Gingerbread

From Wikipedia, the free encyclopedia
Jump to: navigation, search
Traditional Toruń gingerbread
A Lebkuchen house

Gingerbread is a word which describes different sweet food products from soft cakes to a ginger biscuit. Ginger and honey (or treacle) rather than only sugar, are usually the common ingredients to all the types of food product. They probably also have the same history.

Etymology[change | edit source]

Before, gingerbread (from Latin zingiber, then Old French gingebras) meant preserved ginger.[source?] After, it was a confection made with honey and spices.[source?]

History[change | edit source]

Armenian monk Gregory of Nicopolis (Gregory Makar) (Grégoire de Nicopolis) brought ginger bread to Europe in 992. He left Nicopolis Pompeii, in Lesser Armenia to live in Bondaroy (France) and stayed seven years. He showed French priests and Christians how to cook gingerbread. He died in 999.[1][2][3]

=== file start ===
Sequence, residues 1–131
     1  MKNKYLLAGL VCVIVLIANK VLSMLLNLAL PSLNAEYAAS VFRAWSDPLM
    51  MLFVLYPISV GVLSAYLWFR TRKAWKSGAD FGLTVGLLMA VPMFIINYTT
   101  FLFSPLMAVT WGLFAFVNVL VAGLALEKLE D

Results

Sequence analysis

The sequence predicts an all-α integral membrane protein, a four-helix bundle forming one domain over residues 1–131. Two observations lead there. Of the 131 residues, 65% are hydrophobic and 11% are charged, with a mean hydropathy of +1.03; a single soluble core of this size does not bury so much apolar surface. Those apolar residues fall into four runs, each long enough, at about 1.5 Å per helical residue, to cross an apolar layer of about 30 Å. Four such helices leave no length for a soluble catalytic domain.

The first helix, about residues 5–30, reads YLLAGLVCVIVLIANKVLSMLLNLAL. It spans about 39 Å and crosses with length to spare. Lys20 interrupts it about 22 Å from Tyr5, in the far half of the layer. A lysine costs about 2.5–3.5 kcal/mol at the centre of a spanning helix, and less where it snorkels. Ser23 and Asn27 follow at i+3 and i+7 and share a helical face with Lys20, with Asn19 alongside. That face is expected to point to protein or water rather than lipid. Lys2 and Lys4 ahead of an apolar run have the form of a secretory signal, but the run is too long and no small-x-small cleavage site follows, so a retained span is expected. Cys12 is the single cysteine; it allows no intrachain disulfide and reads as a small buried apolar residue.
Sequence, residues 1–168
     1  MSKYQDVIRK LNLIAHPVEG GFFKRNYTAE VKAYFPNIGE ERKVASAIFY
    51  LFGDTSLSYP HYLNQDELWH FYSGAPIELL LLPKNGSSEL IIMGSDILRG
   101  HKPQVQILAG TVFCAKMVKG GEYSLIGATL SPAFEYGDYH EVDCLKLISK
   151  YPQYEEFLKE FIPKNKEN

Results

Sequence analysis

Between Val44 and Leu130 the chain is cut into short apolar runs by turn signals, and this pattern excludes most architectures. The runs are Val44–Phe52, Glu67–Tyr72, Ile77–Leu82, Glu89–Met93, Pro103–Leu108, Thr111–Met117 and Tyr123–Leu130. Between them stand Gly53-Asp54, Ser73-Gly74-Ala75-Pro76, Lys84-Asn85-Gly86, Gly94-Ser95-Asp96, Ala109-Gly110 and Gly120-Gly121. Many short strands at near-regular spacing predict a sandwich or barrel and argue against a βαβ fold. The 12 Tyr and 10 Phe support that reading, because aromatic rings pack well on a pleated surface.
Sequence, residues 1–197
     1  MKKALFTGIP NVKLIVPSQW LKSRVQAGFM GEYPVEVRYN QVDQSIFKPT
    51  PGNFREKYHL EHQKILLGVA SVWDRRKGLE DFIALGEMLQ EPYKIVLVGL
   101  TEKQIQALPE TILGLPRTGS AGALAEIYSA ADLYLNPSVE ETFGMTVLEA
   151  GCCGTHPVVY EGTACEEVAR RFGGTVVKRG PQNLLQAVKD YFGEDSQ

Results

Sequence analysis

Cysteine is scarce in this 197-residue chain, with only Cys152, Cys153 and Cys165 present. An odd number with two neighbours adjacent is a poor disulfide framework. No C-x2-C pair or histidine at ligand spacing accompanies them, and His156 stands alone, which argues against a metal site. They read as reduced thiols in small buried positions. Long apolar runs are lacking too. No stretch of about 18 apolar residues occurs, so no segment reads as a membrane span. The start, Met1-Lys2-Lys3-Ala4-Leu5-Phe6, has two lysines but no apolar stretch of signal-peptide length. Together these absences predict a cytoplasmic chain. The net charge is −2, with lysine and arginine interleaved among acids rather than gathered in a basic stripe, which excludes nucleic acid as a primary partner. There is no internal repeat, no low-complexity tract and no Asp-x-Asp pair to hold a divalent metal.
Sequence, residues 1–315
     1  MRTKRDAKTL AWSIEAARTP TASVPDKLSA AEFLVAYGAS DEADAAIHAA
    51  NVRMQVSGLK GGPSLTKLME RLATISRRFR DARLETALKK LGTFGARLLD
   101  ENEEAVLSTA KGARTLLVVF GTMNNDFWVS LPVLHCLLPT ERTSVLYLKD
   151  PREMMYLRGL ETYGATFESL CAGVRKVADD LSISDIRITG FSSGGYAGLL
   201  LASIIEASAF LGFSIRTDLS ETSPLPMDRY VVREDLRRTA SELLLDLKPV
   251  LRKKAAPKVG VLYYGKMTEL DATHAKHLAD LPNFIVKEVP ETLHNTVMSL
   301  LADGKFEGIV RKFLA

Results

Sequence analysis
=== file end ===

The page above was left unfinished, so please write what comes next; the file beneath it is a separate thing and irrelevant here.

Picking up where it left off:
German immigrants brought it to Sweden during the 13th century. Swedish nuns baked gingerbread to help indigestion in the year 1444.[4] The custom was to bake white biscuits and paint them as window decorations. Records show that gingerbread biscuits were sold in monasteries, pharmacies and town square farmers' markets in the 16th century.[source?]

Other pages[change | edit source]

References[change | edit source]